BRATTLEBORO — The $1.9 trillion COVID-19 stimulus package, known as the American Rescue Plan, is set to bring $3.3 million to the town over the course of the next year.
“You know in Brattleboro just what you had to contend with,” U.S. Rep. Peter Welch, D-Vt., said at the Select Board meeting held remotely Tuesday. “We’ve been through a lot.”
Welch said the local school district, Windham Southeast School District, will receive $9.4 million through the federal package. He noted there’s flexibility around uses for the funding, which he believes will have “a lasting impact” over the next few years.
Board member Daniel Quipp called the town funding “good for nonrecurring expenses, for transformative projects that we wanted to do that we have not been able to do that will benefit all strata of Brattleboroians.”
“Keep in mind, the ($3.3 million) is especially exciting because it’s a huge slug of money that has explicitly lots of flexibility attached to it and so there will be that decision-making process you go through,” Town Manager Peter Elwell told the board. “And that’s really cool. We almost never get that kind of opportunity and it’s also true that there’s going to be some other money flowing.”
Elwell expects the town to have chances to tap into federal or state COVID-19 relief funds for transportation projects and other specific purposes.
The new federal aid “really mirrors a lot of what we did in the CARES package over a year ago,” Welch said, describing it as an acknowledgement that “we still have a ways to go. And we don’t want to leave people, businesses and communities behind.”
“It provides help to individuals with the $1,400 checks so a lot of folks in Brattleboro will have received that by now,” he said. “It continues unemployment benefits through September. It continues the Payroll Protection Program funds that have been helpful to many of our businesses. And of course, it has significant money so that the cost of vaccines won’t be borne by local communities or the state. That’s a federal responsibility.”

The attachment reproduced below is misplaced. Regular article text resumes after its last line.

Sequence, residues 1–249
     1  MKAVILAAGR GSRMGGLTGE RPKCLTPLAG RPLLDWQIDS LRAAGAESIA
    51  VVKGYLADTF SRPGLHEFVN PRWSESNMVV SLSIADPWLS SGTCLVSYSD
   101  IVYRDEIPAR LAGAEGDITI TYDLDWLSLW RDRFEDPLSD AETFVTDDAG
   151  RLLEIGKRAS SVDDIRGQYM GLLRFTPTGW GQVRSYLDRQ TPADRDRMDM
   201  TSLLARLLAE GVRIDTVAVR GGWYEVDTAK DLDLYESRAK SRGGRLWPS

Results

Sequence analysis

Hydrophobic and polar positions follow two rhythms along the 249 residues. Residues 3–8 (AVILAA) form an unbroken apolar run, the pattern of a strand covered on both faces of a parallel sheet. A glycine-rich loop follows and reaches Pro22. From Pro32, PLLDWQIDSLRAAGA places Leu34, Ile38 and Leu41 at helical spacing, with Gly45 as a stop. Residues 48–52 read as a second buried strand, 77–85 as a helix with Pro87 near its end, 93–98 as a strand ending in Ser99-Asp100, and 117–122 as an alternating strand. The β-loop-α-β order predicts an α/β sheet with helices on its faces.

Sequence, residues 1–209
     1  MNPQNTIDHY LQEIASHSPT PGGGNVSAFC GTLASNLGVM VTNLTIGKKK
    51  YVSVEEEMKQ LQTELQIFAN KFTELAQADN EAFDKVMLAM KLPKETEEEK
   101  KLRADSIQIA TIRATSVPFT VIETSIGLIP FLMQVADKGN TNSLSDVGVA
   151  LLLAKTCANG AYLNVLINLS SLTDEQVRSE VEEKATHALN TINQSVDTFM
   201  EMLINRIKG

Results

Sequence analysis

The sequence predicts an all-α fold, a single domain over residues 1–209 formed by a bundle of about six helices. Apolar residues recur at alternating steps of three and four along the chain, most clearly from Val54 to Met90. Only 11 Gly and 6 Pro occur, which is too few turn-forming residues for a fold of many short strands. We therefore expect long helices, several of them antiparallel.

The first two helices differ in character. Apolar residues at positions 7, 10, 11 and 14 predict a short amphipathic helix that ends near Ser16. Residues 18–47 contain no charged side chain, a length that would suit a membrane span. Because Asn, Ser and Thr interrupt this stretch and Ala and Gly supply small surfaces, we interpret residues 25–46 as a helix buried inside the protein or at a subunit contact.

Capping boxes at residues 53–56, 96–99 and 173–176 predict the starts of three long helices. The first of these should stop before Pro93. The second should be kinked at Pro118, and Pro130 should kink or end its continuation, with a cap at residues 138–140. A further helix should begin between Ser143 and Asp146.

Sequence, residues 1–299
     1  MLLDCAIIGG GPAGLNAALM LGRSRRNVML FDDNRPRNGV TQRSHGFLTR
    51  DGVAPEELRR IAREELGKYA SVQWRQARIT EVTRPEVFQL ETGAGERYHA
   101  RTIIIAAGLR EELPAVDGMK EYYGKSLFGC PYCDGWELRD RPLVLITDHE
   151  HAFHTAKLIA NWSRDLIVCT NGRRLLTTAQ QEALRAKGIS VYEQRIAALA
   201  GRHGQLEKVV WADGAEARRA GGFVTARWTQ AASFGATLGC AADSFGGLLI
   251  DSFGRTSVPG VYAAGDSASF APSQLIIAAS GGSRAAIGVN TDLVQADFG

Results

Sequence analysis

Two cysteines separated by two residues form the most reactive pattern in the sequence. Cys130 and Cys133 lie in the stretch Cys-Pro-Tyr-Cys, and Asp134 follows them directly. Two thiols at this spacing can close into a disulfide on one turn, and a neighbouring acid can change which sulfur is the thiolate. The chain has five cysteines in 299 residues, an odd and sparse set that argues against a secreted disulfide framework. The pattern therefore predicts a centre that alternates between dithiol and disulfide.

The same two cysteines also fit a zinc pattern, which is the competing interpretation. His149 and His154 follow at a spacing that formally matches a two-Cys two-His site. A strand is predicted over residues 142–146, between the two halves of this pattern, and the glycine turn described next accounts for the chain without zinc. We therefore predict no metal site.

Welch called monthly $300 checks for families with children, known as a Child Tax Credit, “a godsend.”
“It’s estimated that will reduce childhood poverty by 50 percent,” he said. “And this, you know, is so needed.”
He said members of the Vermont delegation in Congress supported including aid for communities and states.
Welch heard from leaders of groups looking to get help through earmarked stimulus funding for community projects.
Kay Curtis, board president for Tri-Park Housing Cooperative, said her group’s mobile home parks provide “essential affordable housing” for about 800 people or 8 percent of Brattleboro’s “most needy households.”
Adam Hubbard, owners’ representative for the group, said many of the homes were built in a flood zone before flood maps were created and 20 of the homes were destroyed during Tropical Storm Irene in 2011.
“Now, the infrastructure is 60 years old and needs to be replaced,” he said. “We’ve done a nice job getting a master plan in place but these residents really need help.”
Josh Davis, executive director of Groundworks Collaborative, spoke about the Healthworks ACT Project — a collaboration between his group, Brattleboro Memorial Hospital, Brattleboro Retreat and Health Care & Rehabilitation Services. ACT stands for “assertive community treatment,” he said.
“This project stems from the recognition, it’s been long held but reinforced in the pandemic, that our current health care model is not effectively serving our community members who are facing homelessness,” he said.
Davis said the program is meant to offer care related to addiction, mental health and homelessness by having health care workers and peer support embedded at Groundworks shelters and facilities.
“It holds promise to reach our community’s most vulnerable residents, reduce involuntary crisis interventions, reduce pressure on our emergency response system and most importantly save lives,” he said. “So we think it’s a wise investment that’s going to reduce health care costs.”
The cost for a full month of care for a participant in the program is roughly equivalent to one day spent in a hospital emergency department or psychiatric hospital, Davis said.
“I hope you’ll consider this,” he told Welch. “I know you’ll have a list of things and it will be tough to choose from.”
Also vying for funds are a workforce development program at the Retreat and a project related to the nuclear waste at Vermont Yankee in Vernon. Representatives scheduled to share information did not at appear at the meeting.